Have you noticed that there are a lot of education stories in the news lately? Traditionally, the only way a school would make the front page is if there was a shooting. Now, education enjoys the top-billing status traditionally reserved for the economy or national defense. Indeed, since the 2020 COVID-19 pandemic, education has been top of mind for many Americans. But even in this environment of heightened awareness of education, one state consistently manages to draw the attention of educators: Florida.
But why? What is special about Florida? Is Florida so unique that every memo and tweet sent out by its Department of Education warrants scrutiny in the national media? The short answer is yes.
Florida has several factors pushing its education policy toward national relevance:
Florida has made education a priority.
Florida couldn’t make national education news if there was nothing to report. However, Florida continues to generate relevant education news seemingly on a daily basis. From a feud with the College Board over the Advanced Placement African American Studies course to new policies regarding LGBTQ+ students, Florida has a near inexhaustible reservoir of education-related developments to discuss. This is because Florida’s Governor and Department of Education have aggressively pursued opportunities to craft new education regulations for both K-12 and Higher Education.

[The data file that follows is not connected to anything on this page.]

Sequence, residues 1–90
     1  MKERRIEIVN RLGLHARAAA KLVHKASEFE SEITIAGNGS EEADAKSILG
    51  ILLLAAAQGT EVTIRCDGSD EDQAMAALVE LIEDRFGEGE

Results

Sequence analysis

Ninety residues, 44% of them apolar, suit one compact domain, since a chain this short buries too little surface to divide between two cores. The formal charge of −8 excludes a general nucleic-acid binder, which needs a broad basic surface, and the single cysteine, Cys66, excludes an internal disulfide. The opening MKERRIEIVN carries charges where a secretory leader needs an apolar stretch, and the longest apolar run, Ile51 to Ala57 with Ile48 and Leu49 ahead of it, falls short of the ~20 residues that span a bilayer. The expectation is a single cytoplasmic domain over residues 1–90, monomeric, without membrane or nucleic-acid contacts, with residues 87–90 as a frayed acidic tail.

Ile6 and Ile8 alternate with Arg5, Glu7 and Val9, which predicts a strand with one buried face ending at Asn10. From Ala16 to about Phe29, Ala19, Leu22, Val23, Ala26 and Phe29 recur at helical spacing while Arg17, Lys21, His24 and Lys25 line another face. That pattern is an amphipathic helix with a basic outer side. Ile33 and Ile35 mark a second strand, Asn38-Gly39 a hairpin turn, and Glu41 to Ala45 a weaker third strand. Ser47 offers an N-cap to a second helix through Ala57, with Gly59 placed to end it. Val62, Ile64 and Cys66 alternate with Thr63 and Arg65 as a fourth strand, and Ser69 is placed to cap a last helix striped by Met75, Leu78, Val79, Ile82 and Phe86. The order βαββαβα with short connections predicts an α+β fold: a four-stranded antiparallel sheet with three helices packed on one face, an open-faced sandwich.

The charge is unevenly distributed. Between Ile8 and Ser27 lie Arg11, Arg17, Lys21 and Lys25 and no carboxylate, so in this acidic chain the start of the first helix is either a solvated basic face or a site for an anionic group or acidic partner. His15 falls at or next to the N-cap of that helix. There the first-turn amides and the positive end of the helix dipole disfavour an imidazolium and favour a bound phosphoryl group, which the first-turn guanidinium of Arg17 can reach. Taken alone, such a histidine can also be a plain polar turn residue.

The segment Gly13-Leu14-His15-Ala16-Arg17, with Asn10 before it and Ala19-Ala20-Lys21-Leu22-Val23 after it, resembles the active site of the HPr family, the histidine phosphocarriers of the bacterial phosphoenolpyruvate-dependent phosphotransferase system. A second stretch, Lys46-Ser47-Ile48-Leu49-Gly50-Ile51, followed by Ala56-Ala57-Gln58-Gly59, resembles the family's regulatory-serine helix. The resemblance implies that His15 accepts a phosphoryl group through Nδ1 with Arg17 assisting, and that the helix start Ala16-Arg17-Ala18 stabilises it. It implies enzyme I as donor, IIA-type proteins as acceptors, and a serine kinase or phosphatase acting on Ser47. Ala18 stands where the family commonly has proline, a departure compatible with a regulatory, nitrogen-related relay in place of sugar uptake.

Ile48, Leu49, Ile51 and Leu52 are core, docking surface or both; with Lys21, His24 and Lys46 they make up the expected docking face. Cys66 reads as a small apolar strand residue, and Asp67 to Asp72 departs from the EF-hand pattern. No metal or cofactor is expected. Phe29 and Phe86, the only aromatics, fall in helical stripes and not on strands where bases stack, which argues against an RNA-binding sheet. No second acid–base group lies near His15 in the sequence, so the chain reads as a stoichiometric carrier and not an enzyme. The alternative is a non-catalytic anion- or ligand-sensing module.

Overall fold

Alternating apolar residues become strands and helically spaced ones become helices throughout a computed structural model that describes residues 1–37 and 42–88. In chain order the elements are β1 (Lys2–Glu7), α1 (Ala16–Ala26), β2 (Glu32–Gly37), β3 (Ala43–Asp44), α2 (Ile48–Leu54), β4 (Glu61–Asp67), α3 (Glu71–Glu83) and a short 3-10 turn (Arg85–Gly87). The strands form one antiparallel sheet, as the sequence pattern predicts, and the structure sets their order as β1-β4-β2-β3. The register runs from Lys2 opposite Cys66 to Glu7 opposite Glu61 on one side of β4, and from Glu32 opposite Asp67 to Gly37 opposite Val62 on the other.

Florida has a governor that will likely compete for President.
Florida Gov. Ron DeSantis is presumed by most to be a favorite for the GOP nomination for President. With the current President, Joe Biden, mired in low approval ratings, it isn’t too hard to envision a scenario where Ron DeSantis wins the Republican nomination and then the general election. This means that Florida’s education policy could be a preview of the future for the entire nation.
Florida is a swing state.
Though Florida has lurched hard to the right in recent years, it is still technically a swing state. The state went blue as recently as 2012. DeSantis may have romped to a gubernatorial victory in 2022, but not too long ago, he found himself in a dogfight with the Democratic nominee. Florida’s status as a purple state gives partisan education developments more weight. Nobody would blink an eye at a state like Texas or Wyoming passing a new conservative education law, but if such laws can pass in Florida, in theory, they can pass nationally.
Florida is large and thus influential.
Florida is the third most populous state. Large states have always wielded a disproportionate amount of power over the education system. For years, textbooks were framed by the sensitivities of either Texas or California. Florida is approaching that same level of influence. When Florida pushed back against the AP African American studies course, many other states immediately followed suit. The Florida Department of Education was recently successful in getting textbook publishers to remove or modify material they found “objectionable” by first rejecting them. Additionally, most of the laws that attracted so much attention in Florida inspired copycat bills in red states.
Many other states have some of these factors, but basically, none have all of them as Florida does. All of the factors that make Florida education a magnet for attention will only grow as the next year and a half plays out.